EXAMPLE: Whitney and Bobby are married and live in Dedham. One night they get into a fight and Whitney calls the police. Bobby is not arrested but is escorted from the home by the police and Whitney is provided with an emergency 209A Order for Protection from Abuse (commonly called a Restraining Order). The Restraining Order requires that both Whitney and Bobby show up at the Dedham District Court the next day to go in front of a Judge who will decide whether the Restraining Order should be extended.
After a hearing the Judge extends the Restraining Order for two months ( “a cooling off period”). That afternoon, Whitney goes to the Norfolk Probate and Family Court in Canton and files a Complaint for Divorce. Whitney also files a Motion for Temporary Orders asking a Family Court Judge to give award her custody of the children and order Bobby to pay her child support.
At the hearing on Whitney’s Motion for Temporary Orders, Bobby asks for visitation because he hasn’t seen his children since the Restraining Order went into effect. The Probate Court Judge orders physical and legal custody to Whitney with a visitation schedule for Bobby.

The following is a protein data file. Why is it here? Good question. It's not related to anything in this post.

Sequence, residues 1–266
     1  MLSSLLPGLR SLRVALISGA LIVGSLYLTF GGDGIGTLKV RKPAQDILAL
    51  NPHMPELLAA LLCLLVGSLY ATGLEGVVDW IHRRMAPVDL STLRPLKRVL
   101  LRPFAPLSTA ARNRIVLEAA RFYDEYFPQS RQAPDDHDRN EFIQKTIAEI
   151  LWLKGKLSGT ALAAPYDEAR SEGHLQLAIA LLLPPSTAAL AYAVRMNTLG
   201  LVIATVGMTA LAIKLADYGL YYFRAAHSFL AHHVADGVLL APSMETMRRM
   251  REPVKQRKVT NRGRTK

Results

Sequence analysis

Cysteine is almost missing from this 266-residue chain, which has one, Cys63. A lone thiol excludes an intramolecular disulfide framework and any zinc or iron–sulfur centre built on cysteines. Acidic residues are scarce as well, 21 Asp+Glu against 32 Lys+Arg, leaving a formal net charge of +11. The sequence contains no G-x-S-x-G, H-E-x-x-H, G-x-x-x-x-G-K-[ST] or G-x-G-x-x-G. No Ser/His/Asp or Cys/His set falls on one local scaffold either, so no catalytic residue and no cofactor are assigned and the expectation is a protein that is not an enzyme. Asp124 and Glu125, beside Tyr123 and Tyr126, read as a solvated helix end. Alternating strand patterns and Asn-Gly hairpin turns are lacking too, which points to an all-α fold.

Under the current rules, there are now two Orders from two different Courts that are different. The problem for Bobby is that the Dedham District Court Order is the one that the police will follow. If Bobby tries to pick up his children for visitation he may be arrested unless he and/or Whitney go to the Dedham District Court and ask the Court to amend the Restraining Order.
The pilot program would give the Norfolk Probate and Family Court Judge the power to transfer the Dedham District Court 209A Restraining Order case to the Norfolk Probate and Family Court. This means that when the Family Court Judge makes a decision it will apply in both cases and amendments can be made to the Restraining Order immediately to be consistent with the Probate Court orders.
This benefits Whitney and Bobby by having only one court for them to visit, allowing for less court hearings total, and by having one Judge who can hear all issues and make decisions that are consistent and take into account both the safety concerns of Whitney and the best interest of the children.
The full language of the Order can be viewed here. Under the pilot program, the transfer can be initiated by motion by either a party or sua sponte by the Probate and Family Court judge. The parties will have an opportunity to be heard on the question of transfer.
The pilot program will be for one year and will be reviewed after six months by the Chief Justices of the Probate and Family Court and the District Court.